March 1, 2007
Hopedale Community Historical Society
Thanks to Bill Creasia of Hope Street for the donation of a 1911 baseball (or base ball as they wrote it then) poster advertising a game between the Draper team and Whitinsville at the town park. Tickets, 25 cents. Ladies, 10 cents. See it here. Thanks also to Richard and Patty Callery of Dutcher Street for the donation of Extra! The War Years, a book containing copies of Milford News stories from 1939 to 1945. These items will be kept at the Little Red Shop once the restoration job there has been completed. Ads have been published for bids on the project during the past week. I’ll keep you updated on future developments.
Pictures from the Historical Commission’s annual Hopedale Pond skating party. We had a little snow Sunday night and Monday morning (Feb. 25 – 26). If those of you in Florida and other warm places would like to see a few pictures of the center of Hopedale on Monday, click here.
During and after the Crystal Ball, Tom McGovern was asked by quite a number of people if they could get a copy of the DVD he had made that was shown that night. It included both the Red Shop fund-raiser promotional program and several hundred old Hopedale pictures. He now has it ready, even bigger and better than it was at the ball. It has a musical background, some of it by the Fantasy Big Band, and pictures taken during the ball. If you were there, you’re probably on it. There are also pictures taken around the pond and Parklands and other parts of Hopedale in the last couple of years. The DVDs are $20 and can be purchased at the Bancroft Library or at Tom’s place of business, TWM Systems on Elm Street in Hopedale. (phone 508 478 6010)
As far as I know, Historical Commissions exist in all towns and cities in Massachusetts, but not all have historic societies. Hopedale had one, the Hopedale Community Historic Society, founded in 1957; it lasted until about ten years ago. The newspaper clippings of the fifties and sixties in the Bancroft Library indicate that for some years it must have been one of the most active organizations in town. Here is a condensed version of one of the Milford News articles.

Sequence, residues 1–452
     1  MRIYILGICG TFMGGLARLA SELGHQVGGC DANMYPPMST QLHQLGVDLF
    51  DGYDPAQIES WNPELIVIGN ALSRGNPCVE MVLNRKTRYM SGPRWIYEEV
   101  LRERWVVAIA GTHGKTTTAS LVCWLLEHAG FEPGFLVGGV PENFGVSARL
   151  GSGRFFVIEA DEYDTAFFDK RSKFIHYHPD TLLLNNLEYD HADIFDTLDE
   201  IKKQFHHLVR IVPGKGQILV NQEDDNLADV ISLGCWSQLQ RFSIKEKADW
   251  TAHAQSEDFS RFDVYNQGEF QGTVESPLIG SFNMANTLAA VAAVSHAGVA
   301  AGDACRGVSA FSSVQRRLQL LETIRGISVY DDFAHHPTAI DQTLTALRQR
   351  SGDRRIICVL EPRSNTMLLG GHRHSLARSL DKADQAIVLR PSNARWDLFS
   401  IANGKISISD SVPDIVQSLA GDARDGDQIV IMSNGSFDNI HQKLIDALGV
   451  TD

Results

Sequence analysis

Mortimer Dennett Is Elected
President of New Association
HOPEDALE – After several weeks of inquiry and preparation by a small local group interested in the historical aspects of the community, the Hopedale Community Historical Society was formed this week.
The response to a public invitation was enough to warrant the formation of the association, a group of 20 originators stated.
An election was held, and the following officers were seated; president, Mortimer C. Dennett; vice president, Mary M. Foster; secretary, Constance L. Clark; treasurer, Winfield S. Lapworth, and directors, Frances J. McQueen, Marjorie E. Henry and Gordon L. Norton.
Mrs. Bates, president of the Hopkinton society, and Mrs. Strong, a past president and one of the founders, were present, and they contributed much valuable advice and assistance in getting this venture started. The Hopkinton society, they said, started with eight members, and in only six years has how a paid membership of over two hundred.
Arrangements have been completed for affiliating the Society with Hopedale Community House, Inc., which assures not only the very best in facilities for meetings and social affairs, but puts under it the solid foundation of an established institution. A dual membership will be required; one in the Community House, and one in the society. The adult fee is one dollar for each membership. Provision has been made so that non-residents may participate in the historical society membership. Persons now having membership in the Community House need only to pay the society dues.